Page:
It was a volatile week in US markets. The big ups and downs left some folks a little shell shocked. And Friday's headlines probably didn't help:
Russia Clashes With Georgia
By Marc Champion and Andrew Osborn, The Wall Street Journal
Pakistan's Musharraf Faces Impeachment
By Munir Ahmad, The Associate Press
The smoldering conflict between Russia and Georgia grew hotter Friday, as Russian and Georgian armed forces clashed in the break-away republic of South Ossetia (the region's northern counterpart lies within Russian borders).
And in nearby Pakistan, President Pervez Musharraf had to cancel plans to represent his country at the Olympic Games in China, citing domestic political concerns. In plainer language, the ruling coalition in the National Assembly is threatening to impeach him.
Or maybe you've been following tensions in the Middle East over Iran's nuclear program. President Mahmoud Ahmadinejad has made every outrageous claim short of having invented the question mark (though he's probably froot loops enough to make such a claim). And on Friday the EU, Iran's largest trading partner, tightened existing trade sanctions.
These developments seem to raise the risk of regional instability, and if volatility's already got you on pins and needles, they might have you wondering whether you should sell out and go to cash. Or heck, maybe stashing some gold bars underneath your mattress would be better.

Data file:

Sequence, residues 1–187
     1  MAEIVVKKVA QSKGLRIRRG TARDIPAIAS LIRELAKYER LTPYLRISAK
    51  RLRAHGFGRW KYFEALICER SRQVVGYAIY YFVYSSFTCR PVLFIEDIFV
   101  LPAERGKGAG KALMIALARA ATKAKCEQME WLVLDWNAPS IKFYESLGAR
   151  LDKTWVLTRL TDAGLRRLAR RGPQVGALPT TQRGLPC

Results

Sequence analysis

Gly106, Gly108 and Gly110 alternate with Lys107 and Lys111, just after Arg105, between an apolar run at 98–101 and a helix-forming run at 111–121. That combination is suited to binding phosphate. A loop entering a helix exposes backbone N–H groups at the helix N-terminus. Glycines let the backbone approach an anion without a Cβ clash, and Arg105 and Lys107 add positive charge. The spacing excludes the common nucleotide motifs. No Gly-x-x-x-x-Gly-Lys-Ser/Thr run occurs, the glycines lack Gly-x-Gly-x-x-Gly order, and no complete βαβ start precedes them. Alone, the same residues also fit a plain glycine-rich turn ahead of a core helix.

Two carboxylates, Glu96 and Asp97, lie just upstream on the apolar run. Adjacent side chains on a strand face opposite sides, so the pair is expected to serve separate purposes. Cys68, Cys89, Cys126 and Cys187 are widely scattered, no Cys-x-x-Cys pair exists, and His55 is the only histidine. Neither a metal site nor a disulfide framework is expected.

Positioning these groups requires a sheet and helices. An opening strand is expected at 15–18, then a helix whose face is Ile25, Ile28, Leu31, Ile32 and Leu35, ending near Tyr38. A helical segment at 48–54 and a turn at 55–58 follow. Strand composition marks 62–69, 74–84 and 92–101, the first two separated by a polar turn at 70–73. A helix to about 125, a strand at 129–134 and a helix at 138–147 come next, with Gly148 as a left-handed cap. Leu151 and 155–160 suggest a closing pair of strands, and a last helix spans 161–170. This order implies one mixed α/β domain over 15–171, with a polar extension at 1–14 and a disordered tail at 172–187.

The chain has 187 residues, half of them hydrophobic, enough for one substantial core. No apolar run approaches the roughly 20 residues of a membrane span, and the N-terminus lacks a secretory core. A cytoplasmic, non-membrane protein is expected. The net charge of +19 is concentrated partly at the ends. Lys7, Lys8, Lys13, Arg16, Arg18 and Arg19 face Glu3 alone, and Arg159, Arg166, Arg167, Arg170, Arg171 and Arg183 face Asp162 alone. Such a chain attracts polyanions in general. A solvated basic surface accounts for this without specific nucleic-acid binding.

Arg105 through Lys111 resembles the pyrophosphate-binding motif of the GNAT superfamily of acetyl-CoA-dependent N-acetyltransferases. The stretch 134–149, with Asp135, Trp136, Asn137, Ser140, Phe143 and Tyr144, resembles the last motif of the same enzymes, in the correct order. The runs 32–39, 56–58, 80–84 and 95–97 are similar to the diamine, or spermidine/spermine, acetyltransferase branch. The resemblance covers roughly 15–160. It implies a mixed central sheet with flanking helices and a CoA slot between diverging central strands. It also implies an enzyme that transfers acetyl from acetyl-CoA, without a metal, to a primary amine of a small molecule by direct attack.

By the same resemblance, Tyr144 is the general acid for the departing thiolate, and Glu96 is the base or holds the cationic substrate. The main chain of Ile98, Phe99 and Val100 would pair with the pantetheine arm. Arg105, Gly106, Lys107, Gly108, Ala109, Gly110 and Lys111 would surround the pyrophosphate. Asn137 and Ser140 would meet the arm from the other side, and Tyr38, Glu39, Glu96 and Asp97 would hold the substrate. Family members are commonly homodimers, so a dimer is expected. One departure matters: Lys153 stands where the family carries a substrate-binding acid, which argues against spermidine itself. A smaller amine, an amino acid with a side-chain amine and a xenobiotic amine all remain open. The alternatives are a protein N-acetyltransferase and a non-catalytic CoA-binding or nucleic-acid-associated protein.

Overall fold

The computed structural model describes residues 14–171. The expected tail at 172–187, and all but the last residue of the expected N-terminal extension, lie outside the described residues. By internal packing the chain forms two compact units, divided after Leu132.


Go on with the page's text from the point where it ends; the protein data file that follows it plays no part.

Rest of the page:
We think you can hold off on the gold bars and cash. Geopolitical events with the power to move markets aren't as regular as headlines make them seem. All three examples above, though scary, aren't that surprising: Russia and Georgia have been bickering over sovereignty and territory for years, while the Middle East and Pakistan have almost always seemed ready to explode.
What about when a genuine surprise pops up on the front page? Risk seems to constantly be lurking just around the corner in what seems to be a very tense world. But the fact is, there's not a soul on the planet who can predict the real shockers, like terrorist attacks, nuclear accidents, or sudden geopolitical conflicts. And, from a portfolio standpoint, we don't think it makes sense to worry about what you can't plan for (though, as good Californians, we naturally have water stockpiled in our earthquake kits).
Historically, market reactions to geopolitical flare-ups have been a mixed bag—sometimes up, sometimes down, but generally short in duration before they carry on according to the prevailing fundamentals of the day. As for bigger confrontations, there's no reason to expect a negative market reaction. We've seen plenty of examples where stocks were actually depressed in the run-up, but took off once war broke out, alleviating uncertainty. Markets just don't react to geopolitical events the way most folks think.
There's no good strategy for managing a portfolio in expectation something might go awry in this world. It's a case where we should hope for the best, but plan for what's most reasonably likely. Which means not trying to understand what's in the hearts of the froot loops.
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*The content contained in this article represents only the opinions and viewpoints of the Fisher Investments editorial staff.